When Can I Watch 'The Dark Knight Rises' with My Kids?

When Can I Watch 'The Dark Knight Rises' with My Kids?

Jul 19, 2012

Christopher Nolan doesn’t make Batman movies for kids. His vision of the Caped Crusader is about as far north of the Adam West interpretation as is physically possible. It’s the reason fans who grew up on Batman comics and embraced the pitch-black vision of the hero that artists anchored in graphic novels like Batman: Year One, The Killing Joke or The Long Halloween worship at Nolan’s altar. He understands how a modern Batman figures into our murky social, financial and political landscape. 
But as a parent, Nolan’s excellent films are impossible entrance points into Batman’s universe for our children. 
Your kids likely are asking questions about The Dark Knight Rises. And why not, right? Posters hang everywhere showing Batman (Christian Bale) ready to box Bane (Tom Hardy). Commercials have shown flying Tumblers and sexy Anne Hathaway kicking butt as Catwoman. But is this the right Batman for you? Let’s figure out when you can watch The Dark Knight Rises -- or any kind of Batman movie -- with your kids. 
Green Lights: "Oh boy, you are in for a show tonight, son."
My sons, once again, learned about Batman through the LEGO video games. I can’t emphasize enough the influence those games have had on the pop-culture shaping of my boys. Though they have access to movies, TV shows, novels and comics, they’ve launched their personal investigations into Indiana Jones, the Star Wars universe and even Harry Potter through the LEGO games. 
That’s how they first met Bruce Wayne, as well. 
So my boys know cartoon versions of Joker, Penguin, Catwoman, Mr. Freeze, Killer Croc … even Bane. They’d be flat-out terrified of Heath Ledger staring through the screen and asking them if they knew where he’d gotten those scars.  (Fear, of course, was Nolan and Ledger’s goal, so mission accomplished … in every way possible.) 
Those with young kids will want to start with an earlier Batman movie. Much earlier. I’ve mentioned the 1960s Batman series already, and it’s readily available on DVD and even Netflix (at times). It has just enough camp to entertain kids and parents (and not enough that it humiliates its comic influence the way Joel Schumacher’s Batman & Robin did with those incessant ice puns). 
Nolan’s vision of Gotham in peril, instead, is aimed at mature audience members who can understand the significance of sacrifice, and the pain of loss. Nolan paints in large brushstrokes on his Batman canvas, giving birth to a hero through the crippling hopelessness of death. 
Without question, Nolan’s Batman is the best version of the character we’ve seen on-screen. The director’s trilogy encapsulates the origin of Batman, pits him against his mortal enemy in the Joker, and then establishes him as the powerful symbol that will manage to protect Gotham for all time. Nolan and crew treat Batman with respect, creating a realistic representation of the challenges – and rewarding accomplishments – of Bruce Wayne’s heroic journey.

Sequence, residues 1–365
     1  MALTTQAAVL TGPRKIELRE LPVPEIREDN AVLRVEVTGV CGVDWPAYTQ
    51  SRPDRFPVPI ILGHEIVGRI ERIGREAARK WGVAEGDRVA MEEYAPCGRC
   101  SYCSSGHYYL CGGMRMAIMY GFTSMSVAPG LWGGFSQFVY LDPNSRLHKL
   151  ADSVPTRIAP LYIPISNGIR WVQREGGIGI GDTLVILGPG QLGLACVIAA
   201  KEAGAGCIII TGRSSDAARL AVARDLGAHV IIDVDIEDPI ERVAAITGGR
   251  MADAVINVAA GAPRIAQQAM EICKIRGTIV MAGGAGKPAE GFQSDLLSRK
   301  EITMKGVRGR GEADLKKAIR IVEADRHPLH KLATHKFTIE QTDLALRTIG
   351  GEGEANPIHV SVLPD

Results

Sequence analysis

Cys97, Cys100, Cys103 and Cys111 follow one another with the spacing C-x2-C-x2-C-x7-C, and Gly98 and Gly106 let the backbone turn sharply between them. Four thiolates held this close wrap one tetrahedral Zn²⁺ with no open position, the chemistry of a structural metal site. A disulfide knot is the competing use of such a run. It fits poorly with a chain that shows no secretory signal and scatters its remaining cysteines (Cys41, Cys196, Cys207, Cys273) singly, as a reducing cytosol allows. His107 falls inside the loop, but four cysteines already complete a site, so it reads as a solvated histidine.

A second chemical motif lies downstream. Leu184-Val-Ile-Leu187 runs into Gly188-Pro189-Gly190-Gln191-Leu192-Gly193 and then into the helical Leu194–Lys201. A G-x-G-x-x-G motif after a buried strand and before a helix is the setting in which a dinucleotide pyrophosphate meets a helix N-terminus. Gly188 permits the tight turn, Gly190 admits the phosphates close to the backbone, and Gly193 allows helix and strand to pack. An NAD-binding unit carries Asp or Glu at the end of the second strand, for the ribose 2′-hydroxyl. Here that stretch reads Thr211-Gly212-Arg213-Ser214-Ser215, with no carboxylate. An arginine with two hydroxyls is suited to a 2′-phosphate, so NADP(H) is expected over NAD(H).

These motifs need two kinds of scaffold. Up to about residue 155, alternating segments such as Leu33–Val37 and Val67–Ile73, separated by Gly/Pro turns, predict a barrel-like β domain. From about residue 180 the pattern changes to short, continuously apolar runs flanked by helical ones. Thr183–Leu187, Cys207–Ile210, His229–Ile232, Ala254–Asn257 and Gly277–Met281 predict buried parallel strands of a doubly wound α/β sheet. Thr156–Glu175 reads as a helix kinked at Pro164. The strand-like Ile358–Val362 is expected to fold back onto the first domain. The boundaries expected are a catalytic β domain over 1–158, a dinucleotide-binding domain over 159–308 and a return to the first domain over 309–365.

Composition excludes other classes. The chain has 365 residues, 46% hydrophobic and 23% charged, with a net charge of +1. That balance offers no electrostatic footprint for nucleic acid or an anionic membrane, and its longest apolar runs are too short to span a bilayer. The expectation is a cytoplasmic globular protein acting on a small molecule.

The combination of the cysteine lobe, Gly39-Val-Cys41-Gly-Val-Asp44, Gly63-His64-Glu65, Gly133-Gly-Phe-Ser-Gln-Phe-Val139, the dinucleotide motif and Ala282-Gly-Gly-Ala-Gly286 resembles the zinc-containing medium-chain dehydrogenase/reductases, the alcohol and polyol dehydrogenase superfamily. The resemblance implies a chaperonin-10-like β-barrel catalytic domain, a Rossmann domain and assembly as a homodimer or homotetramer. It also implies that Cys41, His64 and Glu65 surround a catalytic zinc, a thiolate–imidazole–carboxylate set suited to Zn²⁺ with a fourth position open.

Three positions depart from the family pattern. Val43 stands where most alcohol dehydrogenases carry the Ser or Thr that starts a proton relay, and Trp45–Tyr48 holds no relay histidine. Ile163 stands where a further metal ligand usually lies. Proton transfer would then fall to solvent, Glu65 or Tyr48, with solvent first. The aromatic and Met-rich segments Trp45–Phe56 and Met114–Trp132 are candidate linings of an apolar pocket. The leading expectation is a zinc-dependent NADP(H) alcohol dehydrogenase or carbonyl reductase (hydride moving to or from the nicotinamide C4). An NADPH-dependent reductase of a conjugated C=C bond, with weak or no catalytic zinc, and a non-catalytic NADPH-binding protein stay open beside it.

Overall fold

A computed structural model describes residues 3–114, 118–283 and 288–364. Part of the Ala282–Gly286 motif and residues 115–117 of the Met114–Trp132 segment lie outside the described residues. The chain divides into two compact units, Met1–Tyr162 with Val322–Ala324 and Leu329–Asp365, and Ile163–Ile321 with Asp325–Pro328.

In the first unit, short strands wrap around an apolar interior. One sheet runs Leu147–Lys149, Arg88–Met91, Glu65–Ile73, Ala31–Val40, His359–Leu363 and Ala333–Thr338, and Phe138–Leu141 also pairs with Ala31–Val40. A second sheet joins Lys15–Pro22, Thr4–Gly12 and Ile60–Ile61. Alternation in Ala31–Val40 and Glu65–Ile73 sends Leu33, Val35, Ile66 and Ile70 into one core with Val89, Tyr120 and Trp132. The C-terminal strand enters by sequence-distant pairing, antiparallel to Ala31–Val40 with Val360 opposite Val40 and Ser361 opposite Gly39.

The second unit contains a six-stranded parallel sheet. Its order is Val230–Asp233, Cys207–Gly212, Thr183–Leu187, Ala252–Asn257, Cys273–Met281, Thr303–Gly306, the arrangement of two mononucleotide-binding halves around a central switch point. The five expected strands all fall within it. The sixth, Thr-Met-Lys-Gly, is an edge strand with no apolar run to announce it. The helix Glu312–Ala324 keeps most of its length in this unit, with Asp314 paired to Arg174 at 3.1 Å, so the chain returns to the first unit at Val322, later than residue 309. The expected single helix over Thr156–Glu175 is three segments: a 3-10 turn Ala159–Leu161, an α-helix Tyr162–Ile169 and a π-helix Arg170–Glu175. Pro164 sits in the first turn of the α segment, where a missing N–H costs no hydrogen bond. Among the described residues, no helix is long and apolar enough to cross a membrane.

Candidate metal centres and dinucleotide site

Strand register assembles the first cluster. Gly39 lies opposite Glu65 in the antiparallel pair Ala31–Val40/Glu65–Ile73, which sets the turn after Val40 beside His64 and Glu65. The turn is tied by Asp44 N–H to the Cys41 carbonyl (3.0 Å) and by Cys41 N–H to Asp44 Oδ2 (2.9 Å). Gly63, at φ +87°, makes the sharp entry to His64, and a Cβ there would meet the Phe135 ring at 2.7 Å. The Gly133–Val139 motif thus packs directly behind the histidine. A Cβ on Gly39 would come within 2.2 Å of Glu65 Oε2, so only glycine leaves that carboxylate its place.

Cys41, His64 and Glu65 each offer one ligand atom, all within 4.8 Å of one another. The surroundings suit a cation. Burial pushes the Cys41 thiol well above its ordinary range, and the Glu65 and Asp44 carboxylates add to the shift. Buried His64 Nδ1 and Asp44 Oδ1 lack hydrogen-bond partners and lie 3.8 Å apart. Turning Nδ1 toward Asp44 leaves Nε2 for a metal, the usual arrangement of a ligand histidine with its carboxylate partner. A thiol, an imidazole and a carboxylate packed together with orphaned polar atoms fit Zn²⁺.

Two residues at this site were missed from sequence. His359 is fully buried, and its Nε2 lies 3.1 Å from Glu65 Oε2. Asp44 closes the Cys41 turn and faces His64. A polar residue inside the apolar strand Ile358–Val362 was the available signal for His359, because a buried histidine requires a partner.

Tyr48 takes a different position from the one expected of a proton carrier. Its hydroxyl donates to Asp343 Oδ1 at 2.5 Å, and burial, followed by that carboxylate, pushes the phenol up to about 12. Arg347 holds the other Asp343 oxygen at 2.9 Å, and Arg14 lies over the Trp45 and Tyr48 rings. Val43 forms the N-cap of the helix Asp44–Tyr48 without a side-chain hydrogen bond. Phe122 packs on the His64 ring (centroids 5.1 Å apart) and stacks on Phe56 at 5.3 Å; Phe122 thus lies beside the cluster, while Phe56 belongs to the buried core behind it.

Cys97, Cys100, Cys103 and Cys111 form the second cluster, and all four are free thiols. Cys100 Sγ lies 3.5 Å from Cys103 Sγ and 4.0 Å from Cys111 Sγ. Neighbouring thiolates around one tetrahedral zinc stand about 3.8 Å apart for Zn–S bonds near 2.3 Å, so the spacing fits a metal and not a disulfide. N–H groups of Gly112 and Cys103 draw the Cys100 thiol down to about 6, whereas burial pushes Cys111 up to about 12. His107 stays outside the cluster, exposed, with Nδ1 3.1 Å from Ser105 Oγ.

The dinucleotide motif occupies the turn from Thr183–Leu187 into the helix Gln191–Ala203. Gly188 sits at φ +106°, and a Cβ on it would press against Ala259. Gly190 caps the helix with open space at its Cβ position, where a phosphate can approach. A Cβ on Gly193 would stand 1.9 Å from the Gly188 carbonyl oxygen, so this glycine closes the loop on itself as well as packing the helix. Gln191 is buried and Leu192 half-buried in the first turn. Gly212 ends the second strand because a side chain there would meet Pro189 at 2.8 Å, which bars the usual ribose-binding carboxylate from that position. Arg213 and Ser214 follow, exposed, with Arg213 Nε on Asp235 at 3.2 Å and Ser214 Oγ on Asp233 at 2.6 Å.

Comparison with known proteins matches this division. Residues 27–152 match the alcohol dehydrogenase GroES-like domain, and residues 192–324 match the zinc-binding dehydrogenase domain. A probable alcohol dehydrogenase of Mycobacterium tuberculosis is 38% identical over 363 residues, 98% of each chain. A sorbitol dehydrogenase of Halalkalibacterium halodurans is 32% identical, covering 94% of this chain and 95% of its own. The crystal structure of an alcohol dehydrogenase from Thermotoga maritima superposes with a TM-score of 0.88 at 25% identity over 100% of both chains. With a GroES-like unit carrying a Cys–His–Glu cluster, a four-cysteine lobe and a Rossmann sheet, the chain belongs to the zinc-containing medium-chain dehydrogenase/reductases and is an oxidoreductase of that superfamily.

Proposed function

And with the financial success of The Dark Knight, Nolan bought himself opportunity. Rises bursts with eye-popping special effects, and massive vehicles to aid Batman on his mission to rid Gotham of Bane and his cohorts. Everything about Rises is massive. Including the Red Flags.  
Red Flags: "There's a storm coming, Mr. Wayne."
Batman isn’t as idealistic as Superman. He isn’t as optimistic as Spider-Man. He’s a realist, and reality often is grim. These heroes all fight for the greater good, but Bruce Wayne always has to stoop to the level of some depraved characters to beat them at their own game – to peddle in intimidation and fear to achieve results. They don’t call him the Dark Knight for nothing. 
Nolan’s Batman films, for lack of a better word, are convoluted. This may seem obvious, but starting with The Dark Knight Rises isn’t just ill-advised … it’s ridiculous. Nolan and his team tie so many loose ends back to The Dark Knight and (especially) Batman Begins. You could understand most of what’s happening in this relatively streamlined thriller, but you wouldn’t appreciate it and neither would your kids. That’s another reason to start with an earlier Batman film. 
Nolan, also, earns huge bonus points for realism when it comes to the violence. Back in Batman Begins, we’re asked to watch young Bruce as he loses his parents. There are consequences for Batman’s actions, and our hero loses loved ones. Constantly. Rises follows the classic Bane story Knightfall, and it is as brutal as Batman fans will hope. But it’s way too bleak for young kids. Batman’s mythology, steeped in loss and marked by pain and suffering, largely is too grim for young kids. With that in mind …
Appropriate Age
The Dark Knight Rises, like most Batman films over the years, targets adults but is suitable for teenagers. 
By now, parents who’ve sampled Batman Begins and The Dark Knight hopefully know that Nolan isn’t making comic book movies that are accessible to kids. He deserves a ton of credit for maintaining his dark vision over the course of his groundbreaking trilogy. But if your younger kids are looking for big-screen comic book action, The Avengers and The Amazing Spider-Man will have to do.

If you’d like to read previous entries in the "When Can I Watch That With My Kids?" series, click right here. Some of the films covered: Star Wars, Back to the Future, The Goonies, Hugo, The Princess Bride, The Monster Squad and Elf, to name just a few.


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